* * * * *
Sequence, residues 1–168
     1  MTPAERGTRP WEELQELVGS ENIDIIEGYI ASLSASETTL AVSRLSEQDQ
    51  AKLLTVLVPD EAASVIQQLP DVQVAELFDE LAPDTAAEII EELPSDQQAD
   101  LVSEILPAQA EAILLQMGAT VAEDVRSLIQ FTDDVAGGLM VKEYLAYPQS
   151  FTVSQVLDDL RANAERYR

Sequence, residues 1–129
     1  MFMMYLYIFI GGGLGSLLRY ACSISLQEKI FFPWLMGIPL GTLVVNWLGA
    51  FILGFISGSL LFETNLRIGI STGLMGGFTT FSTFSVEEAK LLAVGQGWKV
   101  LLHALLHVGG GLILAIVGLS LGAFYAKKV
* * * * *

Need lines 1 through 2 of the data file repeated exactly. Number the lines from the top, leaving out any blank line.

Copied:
Sequence, residues 1–168
     1  MTPAERGTRP WEELQELVGS ENIDIIEGYI ASLSASETTL AVSRLSEQDQ